That's a pretty good interpretation Drewfus , it was a good time to be involved in Hotrodding......lots of room to try different things without being laughed at by the "experts" of style and design.....nearly anything was prime rodding material....didn't matter how many doors or even what make of car.....most important of all,you could do stuff without selling your soul. My first rod on the road was a '39 Ford sedan with a Yblock, it cost under a grand finished and with rego.......one of the best aspects of that era was there was none of the snobbery that has seeped into hot rodding today.....sure some of the different body styles were more highly regarded than others, but you didn't see the guys with the rarer cars strutting around as though they'd just re-invented the wheel......generally speaking , there was more of a hands on,pioneer attitude back then....a lot of that has been lost since the advent of all the ready made kit stuff ......earlier on, if you wanted something....you just figured out how to do it and then made it yourself....didn't always work out , but that's how you learn things....trial and error. No forums for people who couldn't be bothered to do any ground work for themselves ( and no-one got the shits if they didn't get the answer they sought in the first 5 minutes :lol: )......I reckon it was the best times......I've got a story tucked away from one of my mates who wrote a piece for AHRR about the first trip out in his Rod after a build , and what it meant to him .....I'll find it over the weekend and post it up here....see what you think......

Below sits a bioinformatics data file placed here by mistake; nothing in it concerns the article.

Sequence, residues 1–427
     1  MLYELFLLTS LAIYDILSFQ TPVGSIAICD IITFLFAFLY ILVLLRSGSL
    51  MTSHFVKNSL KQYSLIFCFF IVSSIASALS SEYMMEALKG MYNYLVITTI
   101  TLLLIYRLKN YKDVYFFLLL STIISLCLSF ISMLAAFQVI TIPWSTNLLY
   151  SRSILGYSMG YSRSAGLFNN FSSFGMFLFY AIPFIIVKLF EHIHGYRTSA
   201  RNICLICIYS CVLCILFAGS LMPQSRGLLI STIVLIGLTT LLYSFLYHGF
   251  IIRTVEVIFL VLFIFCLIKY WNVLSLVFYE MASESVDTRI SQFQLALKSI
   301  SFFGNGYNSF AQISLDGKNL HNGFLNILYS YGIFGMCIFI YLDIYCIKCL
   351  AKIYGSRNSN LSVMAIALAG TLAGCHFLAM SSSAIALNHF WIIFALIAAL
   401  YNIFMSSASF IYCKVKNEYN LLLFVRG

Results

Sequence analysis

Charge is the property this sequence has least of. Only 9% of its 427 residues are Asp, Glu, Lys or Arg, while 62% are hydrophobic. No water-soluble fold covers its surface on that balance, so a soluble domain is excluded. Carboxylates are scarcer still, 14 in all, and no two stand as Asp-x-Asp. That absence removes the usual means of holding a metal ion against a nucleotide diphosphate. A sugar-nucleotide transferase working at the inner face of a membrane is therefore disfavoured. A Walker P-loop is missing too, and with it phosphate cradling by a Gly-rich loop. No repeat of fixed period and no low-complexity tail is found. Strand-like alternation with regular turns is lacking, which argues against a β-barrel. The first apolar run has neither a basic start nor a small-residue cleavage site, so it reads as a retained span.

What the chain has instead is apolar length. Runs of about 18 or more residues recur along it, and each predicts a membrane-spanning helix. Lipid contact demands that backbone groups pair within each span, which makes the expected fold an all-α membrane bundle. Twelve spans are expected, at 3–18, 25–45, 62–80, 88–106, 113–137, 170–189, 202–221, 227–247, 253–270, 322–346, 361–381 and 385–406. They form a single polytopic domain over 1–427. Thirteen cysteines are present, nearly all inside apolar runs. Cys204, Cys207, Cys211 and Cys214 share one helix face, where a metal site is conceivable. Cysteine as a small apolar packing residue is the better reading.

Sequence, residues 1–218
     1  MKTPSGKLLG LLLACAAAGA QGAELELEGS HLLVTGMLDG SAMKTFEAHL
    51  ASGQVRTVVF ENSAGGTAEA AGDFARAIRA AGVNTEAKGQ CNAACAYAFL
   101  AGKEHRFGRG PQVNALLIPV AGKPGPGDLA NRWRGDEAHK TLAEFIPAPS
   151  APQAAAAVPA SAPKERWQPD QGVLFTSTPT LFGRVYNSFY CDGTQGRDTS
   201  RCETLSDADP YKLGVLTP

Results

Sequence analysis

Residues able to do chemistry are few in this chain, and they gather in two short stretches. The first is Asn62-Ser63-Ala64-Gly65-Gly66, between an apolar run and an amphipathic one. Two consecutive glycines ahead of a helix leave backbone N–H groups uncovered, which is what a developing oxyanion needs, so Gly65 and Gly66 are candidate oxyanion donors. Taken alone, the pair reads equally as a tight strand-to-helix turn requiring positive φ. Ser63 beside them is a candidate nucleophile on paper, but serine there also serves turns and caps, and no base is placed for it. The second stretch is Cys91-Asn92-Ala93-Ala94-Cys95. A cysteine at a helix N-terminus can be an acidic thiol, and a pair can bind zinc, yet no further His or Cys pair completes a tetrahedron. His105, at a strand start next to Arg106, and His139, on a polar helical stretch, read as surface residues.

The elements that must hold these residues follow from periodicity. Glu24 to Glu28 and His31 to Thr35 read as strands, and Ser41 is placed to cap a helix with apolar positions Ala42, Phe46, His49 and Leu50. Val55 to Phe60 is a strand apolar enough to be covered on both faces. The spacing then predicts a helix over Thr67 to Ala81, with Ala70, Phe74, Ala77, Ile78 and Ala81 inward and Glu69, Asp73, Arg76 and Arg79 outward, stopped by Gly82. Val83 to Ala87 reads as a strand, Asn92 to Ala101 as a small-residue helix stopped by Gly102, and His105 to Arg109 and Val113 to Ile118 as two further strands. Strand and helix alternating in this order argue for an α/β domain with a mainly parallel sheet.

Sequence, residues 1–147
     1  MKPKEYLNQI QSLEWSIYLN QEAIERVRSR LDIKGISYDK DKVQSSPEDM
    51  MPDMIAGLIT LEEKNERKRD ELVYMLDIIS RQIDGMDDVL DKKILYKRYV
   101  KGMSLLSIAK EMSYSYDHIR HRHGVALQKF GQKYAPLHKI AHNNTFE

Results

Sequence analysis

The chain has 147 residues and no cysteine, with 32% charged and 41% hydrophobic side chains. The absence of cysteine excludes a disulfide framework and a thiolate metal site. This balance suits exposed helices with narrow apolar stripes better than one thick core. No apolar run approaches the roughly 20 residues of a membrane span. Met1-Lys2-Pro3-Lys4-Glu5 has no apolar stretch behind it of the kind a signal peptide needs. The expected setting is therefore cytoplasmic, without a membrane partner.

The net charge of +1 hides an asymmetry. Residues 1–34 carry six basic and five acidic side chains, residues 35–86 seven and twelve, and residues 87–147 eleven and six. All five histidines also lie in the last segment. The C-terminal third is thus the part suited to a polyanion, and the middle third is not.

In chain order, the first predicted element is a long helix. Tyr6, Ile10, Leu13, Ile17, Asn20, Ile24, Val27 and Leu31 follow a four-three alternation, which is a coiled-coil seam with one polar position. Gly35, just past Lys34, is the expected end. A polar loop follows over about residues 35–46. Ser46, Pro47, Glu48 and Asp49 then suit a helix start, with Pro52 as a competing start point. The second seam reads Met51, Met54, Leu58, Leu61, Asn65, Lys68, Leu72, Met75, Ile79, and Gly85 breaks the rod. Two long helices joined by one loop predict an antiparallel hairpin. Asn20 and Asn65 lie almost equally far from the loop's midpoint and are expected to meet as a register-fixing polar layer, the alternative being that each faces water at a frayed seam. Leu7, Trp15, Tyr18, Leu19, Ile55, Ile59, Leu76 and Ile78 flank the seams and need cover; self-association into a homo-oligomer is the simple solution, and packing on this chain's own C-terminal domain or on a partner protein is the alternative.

-------------
Col....

"Works" comes before "looks good", cos "looks good" changes, and "works" works!
Gerry
Member
Posts: 885
Joined: Thu Aug 17, 2006 6:50 pm
Location: Melbourne

Post by Gerry »

Oldcol wrote:That's a pretty good interpretation Drewfus , it was a good time to be involved in Hotrodding......lots of room to try different things without being laughed at by the "experts" of style and design.....nearly anything was prime rodding material....didn't matter how many doors or even what make of car.....most important of all,you could do stuff without selling your soul. My first rod on the road was a '39 Ford sedan with a Yblock, it cost under a grand finished and with rego.......one of the best aspects of that era was there was none of the snobbery that has seeped into hot rodding today.....sure some of the different body styles were more highly regarded than others, but you didn't see the guys with the rarer cars strutting around as though they'd just re-invented the wheel......generally speaking , there was more of a hands on,pioneer attitude back then....a lot of that has been lost since the advent of all the ready made kit stuff ......earlier on, if you wanted something....you just figured out how to do it and then made it yourself....didn't always work out , but that's how you learn things....trial and error. No forums for people who couldn't be bothered to do any ground work for themselves ( and no-one got the shits if they didn't get the answer they sought in the first 5 minutes :lol: )......I reckon it was the best times......I've got a story tucked away from one of my mates who wrote a piece for AHRR about the first trip out in his Rod after a build , and what it meant to him .....I'll find it over the weekend and post it up here....see what you think......